Out of the Humidor
From the Print Edition:
Emeril Lagasse, Sept/Oct 2005
(continued from page 2)
I live in the village of Woodbridge, a planned community in Irvine, California. Woodbridge has about 42 parks and pools available to our 30,000 residents. These parks and pool facilities are all privately owned and maintained by us. As a homeowner, I have a deeded interest in all the common-area holdings; thus, unlike public lands owned by the city, I have a private property interest in these "community" facilities.
Just recently our Board of Directors passed a ban on all smoking in any and all of these facilities! My routine for the past 25 years has been to go to the local Jacuzzi late at night to unwind in the hot tub while smoking a cigar. This particular facility has always been 24-hour and restricted to adults only (many others exist for families), and late at night it is usually vacant. This facility is outdoors, with the nearest neighbor either across a street or across a park; at least 50 to 75 yards away in any direction. Yes, that's right, an outdoor facility, 75 yards away from the nearest neighbor, restricted to only adults, and in which I have a private property interest in, yet now I am no longer allowed to smoke a cigar!
Twenty-five years ago, the community rules were already published, I purchased my property understanding such rules, and everyone else who has purchased since then also has been made aware of the rules. So how can the politically correct pinheads now come along and change them, imposing new restrictions, when they affect the use of my private property? To ban smoking in public city parks is bad enough, but this is an ex post facto deprivation of my private property rights! Haven't we fought in wars with other countries over confiscating private citizens' property?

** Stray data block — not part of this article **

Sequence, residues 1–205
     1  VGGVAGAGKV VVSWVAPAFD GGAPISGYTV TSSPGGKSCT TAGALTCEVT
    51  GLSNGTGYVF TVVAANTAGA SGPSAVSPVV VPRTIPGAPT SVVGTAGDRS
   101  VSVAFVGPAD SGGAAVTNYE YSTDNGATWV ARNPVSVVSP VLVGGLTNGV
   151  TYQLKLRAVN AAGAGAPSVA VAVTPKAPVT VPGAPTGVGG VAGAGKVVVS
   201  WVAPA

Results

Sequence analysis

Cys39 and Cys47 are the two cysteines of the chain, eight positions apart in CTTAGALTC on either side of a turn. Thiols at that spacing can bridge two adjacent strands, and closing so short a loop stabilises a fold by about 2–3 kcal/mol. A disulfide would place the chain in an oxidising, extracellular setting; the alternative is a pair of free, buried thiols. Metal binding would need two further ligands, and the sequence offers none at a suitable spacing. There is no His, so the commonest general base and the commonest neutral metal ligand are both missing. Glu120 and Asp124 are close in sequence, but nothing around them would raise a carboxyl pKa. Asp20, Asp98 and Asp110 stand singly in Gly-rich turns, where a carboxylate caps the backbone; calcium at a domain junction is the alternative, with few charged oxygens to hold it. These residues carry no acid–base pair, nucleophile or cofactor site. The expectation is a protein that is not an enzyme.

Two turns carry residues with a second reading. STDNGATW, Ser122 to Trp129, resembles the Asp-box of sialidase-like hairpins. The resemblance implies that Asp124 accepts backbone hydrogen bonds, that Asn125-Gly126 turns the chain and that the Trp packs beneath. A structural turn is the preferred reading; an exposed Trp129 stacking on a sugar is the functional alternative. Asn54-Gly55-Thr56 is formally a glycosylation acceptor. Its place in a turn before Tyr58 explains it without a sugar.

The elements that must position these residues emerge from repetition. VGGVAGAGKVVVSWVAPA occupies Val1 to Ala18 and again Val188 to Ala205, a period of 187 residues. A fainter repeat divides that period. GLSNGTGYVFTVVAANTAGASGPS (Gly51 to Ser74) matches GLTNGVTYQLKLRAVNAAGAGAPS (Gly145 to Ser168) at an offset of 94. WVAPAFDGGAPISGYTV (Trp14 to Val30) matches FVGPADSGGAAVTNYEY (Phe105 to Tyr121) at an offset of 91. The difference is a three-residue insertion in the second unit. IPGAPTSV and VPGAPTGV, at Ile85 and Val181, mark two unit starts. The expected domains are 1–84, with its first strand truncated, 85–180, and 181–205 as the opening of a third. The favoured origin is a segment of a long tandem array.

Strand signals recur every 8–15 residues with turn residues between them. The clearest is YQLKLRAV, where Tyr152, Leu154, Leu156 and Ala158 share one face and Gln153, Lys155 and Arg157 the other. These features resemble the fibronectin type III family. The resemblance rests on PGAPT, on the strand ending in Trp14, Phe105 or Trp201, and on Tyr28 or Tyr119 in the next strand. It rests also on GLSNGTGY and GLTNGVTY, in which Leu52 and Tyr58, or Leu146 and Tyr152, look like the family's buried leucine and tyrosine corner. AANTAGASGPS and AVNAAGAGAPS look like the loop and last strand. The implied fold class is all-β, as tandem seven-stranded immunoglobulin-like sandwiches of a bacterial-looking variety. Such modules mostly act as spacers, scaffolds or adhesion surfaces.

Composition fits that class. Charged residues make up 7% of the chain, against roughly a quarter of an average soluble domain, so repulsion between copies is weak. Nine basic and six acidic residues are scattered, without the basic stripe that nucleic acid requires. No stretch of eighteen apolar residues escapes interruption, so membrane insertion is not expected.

This issue had been brought up in a November board meeting, remanded to committee, which responded to the board that the issue should be dropped as there was no need for it. Yet the board on its own initiative then voted to pass the ban in February, ostensibly in the interest of the community. Yet at that meeting, nobody was in attendance supporting the ban! A couple of us were there opposing it, but nobody in support of it. No discussion of reasons took place, no facts or figures presented to support a ban, just a comment that "several e-mails" were received supporting it. No other support. So this kangaroo court of a board meeting has now been able to shackle my freedom of enjoying my private property. (OK, this presumes compliance...yeah, right!) Do you have any suggestions on where I can go to vent my anger or possibly even challenge the board's ability to have made such a ban? When is enough, enough already?
Editor's note: Short of hiring a lawyer, you could reach out to your neighbors with a petition demanding another public hearing on the matter. Call your local newspaper. Ask how to write an Op-Ed piece about the unilateral confiscation of your personal property rights. Those are just two suggestions. You have a strong point. Make it publicly.